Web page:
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Biochem Cell Biol. 1997;75(5):535-50.

High-resolution imaging at the cellular and subcellular levels in flattened whole mounts of early zebrafish embryos.

Author information

1
Division of Developmental Biology, Hospital for Sick Children, Toronto, ON, Canada. yager@sickkids.on.ca

Abstract

We describe a rapid and sensitive method for high-resolution imaging at the cellular and subcellular levels in the whole-mount zebrafish embryo. The procedure involves fixing and staining the embryo, followed by deyolking and flattening it under a cover slip, to produce a planar mount that is 20 to 100 microns thick. Such a flattened whole mount allows imaging with a spatial resolution of approximately 500 nm in the x-y plane and does not require the use of embedding, sectioning, confocal microscopy, or computational deblurring procedures. We can resolve all individual nuclei and chromosome sets in the embryo, up to the late gastrula stage (10,000 cell stage). In addition, older embryos (through the segmentation stage) can also be examined, with the preservation of significant morphological detail. Because of its ability to resolve subcellular detail, the flattened whole-mount method can provide significant biological information beyond what can be obtained from conventional (three-dimensional) whole mounts. We have used the flattened whole-mount method to study subcellular events related to progression through the cell cycle or to apoptosis, in cells of the early zebrafish embryo. A specific DNA-binding dye (Hoechst 33258) or an antibody against a chromosomal protein (histone H1) was used to stain the nuclei of individual cells in the embryo. This allowed us to determine the spatial positions of all the individual cells, and also their stages in the cell cycle. A terminal transferase (TUNEL) assay was used to detect apoptotic cells. This combination of specific stains allowed us to study the behaviors of groups of cells in situ, within the developing zebrafish embryo.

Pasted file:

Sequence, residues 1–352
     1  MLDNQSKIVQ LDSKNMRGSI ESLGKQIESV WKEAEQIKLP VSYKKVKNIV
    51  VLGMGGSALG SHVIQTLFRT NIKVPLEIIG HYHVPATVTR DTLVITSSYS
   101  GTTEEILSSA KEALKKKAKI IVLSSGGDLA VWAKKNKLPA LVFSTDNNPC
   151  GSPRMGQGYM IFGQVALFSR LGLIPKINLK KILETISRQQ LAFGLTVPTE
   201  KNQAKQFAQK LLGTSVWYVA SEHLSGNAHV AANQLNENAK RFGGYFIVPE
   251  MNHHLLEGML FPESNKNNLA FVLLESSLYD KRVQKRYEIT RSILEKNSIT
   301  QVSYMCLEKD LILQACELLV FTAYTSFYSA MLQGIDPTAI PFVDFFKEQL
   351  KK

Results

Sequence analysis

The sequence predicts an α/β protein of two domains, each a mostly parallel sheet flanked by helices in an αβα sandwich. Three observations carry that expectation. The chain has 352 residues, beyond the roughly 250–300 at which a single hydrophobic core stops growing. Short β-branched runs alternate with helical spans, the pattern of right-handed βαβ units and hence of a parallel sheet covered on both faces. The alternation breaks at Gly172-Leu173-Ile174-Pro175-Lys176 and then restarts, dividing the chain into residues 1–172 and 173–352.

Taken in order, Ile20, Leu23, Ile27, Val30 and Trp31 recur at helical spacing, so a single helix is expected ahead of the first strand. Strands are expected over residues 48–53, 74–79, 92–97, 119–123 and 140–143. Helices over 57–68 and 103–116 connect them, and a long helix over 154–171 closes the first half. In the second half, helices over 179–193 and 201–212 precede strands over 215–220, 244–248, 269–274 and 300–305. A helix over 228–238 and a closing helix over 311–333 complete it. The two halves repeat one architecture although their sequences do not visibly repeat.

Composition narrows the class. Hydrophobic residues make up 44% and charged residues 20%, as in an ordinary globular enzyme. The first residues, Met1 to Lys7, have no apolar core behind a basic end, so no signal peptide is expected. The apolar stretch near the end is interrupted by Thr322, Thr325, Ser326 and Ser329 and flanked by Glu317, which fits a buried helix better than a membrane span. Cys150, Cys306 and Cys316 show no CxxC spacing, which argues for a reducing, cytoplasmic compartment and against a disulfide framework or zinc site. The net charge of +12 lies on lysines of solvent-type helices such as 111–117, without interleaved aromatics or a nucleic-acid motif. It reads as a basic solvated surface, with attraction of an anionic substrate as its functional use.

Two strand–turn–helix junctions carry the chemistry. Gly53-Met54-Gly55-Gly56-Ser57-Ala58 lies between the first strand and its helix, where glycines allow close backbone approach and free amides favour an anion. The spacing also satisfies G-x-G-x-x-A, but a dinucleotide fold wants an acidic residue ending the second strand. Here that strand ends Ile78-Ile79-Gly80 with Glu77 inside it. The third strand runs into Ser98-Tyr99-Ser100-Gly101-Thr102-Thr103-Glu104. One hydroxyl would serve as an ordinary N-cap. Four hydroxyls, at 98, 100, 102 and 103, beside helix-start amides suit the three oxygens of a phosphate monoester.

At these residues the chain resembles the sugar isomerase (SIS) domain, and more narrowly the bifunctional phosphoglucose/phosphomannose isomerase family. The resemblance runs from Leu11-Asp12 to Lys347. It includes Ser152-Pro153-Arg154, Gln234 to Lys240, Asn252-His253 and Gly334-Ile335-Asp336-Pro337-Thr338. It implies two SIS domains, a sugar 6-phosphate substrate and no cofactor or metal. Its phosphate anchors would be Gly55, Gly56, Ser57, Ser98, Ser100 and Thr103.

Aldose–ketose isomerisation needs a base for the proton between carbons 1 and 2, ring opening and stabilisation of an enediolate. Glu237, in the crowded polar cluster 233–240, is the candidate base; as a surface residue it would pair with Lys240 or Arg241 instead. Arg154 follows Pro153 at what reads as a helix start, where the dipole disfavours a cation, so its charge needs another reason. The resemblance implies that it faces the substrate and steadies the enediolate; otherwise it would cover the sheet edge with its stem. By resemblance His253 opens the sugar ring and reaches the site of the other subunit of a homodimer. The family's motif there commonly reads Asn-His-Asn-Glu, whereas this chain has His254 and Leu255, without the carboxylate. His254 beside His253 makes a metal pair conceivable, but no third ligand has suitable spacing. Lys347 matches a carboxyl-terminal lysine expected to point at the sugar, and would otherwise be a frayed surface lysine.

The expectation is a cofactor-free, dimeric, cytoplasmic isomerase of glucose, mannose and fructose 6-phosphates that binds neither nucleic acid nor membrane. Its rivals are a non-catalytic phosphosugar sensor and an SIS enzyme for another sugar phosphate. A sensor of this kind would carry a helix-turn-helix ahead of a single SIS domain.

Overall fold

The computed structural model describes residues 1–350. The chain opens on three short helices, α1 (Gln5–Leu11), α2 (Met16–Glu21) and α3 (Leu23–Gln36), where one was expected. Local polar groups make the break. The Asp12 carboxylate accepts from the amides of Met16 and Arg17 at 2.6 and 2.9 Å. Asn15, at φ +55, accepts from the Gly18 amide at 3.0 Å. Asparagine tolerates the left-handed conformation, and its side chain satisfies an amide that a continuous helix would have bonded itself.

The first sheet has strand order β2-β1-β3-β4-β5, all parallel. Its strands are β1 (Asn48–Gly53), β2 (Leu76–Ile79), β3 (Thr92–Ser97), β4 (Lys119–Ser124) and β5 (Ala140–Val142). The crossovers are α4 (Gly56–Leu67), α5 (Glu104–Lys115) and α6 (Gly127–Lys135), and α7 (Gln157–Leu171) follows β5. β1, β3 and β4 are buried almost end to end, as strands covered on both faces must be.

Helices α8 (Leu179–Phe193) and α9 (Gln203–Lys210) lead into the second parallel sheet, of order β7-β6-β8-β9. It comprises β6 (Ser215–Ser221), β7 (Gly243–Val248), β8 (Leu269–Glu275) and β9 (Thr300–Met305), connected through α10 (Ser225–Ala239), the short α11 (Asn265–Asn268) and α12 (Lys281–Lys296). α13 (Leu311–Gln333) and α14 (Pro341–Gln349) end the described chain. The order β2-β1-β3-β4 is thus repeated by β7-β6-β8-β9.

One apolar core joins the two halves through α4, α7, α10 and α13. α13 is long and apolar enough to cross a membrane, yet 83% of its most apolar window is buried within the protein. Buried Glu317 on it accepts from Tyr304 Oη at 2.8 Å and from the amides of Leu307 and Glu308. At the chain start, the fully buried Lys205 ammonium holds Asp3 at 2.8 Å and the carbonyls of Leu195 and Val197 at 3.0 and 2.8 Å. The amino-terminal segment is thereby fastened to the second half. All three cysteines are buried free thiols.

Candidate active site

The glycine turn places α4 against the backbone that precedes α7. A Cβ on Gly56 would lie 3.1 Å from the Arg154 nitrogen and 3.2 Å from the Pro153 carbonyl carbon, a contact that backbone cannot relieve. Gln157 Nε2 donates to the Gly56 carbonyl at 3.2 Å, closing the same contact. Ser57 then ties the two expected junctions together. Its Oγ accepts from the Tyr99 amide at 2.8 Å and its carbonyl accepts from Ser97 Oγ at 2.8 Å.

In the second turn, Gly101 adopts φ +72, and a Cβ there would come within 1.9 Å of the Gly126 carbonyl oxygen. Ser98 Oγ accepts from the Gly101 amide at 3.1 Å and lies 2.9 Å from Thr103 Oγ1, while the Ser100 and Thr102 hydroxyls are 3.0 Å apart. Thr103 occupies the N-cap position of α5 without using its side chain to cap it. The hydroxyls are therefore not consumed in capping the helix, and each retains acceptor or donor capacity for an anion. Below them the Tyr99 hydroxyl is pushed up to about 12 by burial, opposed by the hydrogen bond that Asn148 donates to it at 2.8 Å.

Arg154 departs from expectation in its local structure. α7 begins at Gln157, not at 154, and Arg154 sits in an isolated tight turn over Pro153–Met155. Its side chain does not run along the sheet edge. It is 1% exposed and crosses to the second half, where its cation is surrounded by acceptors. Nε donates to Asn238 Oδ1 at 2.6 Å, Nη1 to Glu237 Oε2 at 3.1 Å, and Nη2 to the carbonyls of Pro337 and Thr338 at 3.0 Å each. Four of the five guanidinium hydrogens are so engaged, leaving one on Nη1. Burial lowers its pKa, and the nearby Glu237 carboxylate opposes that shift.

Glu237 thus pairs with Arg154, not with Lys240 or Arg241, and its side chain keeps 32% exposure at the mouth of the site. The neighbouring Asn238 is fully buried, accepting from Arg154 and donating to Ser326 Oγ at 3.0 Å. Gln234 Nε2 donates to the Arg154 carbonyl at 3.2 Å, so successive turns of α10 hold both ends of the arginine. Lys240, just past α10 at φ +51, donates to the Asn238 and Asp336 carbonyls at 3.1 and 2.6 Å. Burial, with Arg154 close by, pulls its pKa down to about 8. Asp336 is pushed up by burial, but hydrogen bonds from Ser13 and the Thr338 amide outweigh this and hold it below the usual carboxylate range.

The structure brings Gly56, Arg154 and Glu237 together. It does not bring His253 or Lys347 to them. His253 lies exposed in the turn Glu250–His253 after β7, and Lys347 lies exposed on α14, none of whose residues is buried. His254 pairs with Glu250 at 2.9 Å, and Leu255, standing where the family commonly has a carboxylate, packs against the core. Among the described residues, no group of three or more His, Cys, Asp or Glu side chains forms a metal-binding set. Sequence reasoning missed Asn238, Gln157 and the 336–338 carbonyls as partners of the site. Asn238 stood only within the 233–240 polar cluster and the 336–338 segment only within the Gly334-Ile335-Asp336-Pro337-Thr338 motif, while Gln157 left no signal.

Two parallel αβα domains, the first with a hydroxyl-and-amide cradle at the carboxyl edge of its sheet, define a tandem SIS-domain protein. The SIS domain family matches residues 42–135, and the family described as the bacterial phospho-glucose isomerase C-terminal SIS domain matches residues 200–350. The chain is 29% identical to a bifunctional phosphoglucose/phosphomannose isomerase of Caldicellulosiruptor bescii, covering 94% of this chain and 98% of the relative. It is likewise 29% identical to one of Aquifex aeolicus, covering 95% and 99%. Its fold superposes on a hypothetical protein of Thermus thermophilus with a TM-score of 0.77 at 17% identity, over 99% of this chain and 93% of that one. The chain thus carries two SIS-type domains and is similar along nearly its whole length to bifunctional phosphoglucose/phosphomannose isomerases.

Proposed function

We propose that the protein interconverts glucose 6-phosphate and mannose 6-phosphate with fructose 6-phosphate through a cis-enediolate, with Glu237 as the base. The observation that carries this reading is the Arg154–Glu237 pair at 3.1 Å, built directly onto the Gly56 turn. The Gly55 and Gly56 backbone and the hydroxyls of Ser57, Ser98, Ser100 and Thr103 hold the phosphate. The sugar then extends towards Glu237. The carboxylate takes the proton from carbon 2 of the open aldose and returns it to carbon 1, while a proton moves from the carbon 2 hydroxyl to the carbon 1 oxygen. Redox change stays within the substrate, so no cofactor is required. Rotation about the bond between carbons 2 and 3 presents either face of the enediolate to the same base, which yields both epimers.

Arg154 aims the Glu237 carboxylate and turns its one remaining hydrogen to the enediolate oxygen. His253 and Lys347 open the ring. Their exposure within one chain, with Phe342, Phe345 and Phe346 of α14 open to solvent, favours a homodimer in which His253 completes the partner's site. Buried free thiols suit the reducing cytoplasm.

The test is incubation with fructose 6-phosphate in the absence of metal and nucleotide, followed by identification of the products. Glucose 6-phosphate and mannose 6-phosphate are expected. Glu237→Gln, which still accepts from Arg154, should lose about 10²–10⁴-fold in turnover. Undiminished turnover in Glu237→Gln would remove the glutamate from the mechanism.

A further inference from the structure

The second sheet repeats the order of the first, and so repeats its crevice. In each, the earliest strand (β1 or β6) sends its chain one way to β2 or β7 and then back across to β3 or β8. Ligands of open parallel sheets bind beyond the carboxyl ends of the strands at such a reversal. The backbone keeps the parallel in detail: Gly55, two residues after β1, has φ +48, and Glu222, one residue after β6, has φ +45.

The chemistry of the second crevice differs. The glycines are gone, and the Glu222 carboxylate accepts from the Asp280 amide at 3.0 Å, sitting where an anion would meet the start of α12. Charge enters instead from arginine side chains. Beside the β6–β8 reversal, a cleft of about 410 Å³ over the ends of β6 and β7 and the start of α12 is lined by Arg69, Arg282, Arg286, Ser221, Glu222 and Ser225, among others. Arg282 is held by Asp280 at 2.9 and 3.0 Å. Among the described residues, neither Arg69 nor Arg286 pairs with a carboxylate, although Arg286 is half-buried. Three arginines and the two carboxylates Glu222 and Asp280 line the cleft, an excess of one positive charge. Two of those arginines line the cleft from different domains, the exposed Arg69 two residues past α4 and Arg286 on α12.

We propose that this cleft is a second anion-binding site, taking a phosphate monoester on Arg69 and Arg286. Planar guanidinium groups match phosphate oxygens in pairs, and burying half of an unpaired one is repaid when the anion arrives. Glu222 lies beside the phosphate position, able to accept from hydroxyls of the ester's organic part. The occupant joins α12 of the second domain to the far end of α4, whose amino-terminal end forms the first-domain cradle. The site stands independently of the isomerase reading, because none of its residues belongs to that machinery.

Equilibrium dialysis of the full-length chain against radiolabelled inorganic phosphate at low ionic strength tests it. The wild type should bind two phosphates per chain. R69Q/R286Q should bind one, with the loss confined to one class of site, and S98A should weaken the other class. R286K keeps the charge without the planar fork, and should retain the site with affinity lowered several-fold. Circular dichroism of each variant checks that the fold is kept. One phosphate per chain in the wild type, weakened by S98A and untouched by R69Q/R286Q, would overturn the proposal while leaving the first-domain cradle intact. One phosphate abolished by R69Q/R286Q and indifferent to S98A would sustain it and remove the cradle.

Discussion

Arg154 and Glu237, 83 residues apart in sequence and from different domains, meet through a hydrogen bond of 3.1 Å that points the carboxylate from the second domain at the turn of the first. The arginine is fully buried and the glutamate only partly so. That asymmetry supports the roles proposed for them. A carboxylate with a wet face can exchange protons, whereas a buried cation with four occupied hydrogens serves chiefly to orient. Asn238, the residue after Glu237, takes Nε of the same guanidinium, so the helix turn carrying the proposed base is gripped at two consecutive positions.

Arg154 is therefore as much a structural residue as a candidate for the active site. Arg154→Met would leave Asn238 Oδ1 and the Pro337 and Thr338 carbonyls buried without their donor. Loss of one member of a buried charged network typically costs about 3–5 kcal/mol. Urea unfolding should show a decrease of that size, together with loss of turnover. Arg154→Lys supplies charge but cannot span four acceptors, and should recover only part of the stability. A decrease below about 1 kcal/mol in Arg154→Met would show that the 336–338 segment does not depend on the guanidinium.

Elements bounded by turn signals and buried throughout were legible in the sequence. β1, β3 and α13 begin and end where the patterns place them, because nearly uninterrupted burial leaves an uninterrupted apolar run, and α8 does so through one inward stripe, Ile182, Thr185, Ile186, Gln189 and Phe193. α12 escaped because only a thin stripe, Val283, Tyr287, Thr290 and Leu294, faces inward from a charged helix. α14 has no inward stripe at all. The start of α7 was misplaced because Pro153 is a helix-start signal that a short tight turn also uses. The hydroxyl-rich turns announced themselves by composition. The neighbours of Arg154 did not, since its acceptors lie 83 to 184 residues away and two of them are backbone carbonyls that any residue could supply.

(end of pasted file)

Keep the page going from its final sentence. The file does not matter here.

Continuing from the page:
PMID:
9551178
[Indexed for MEDLINE]

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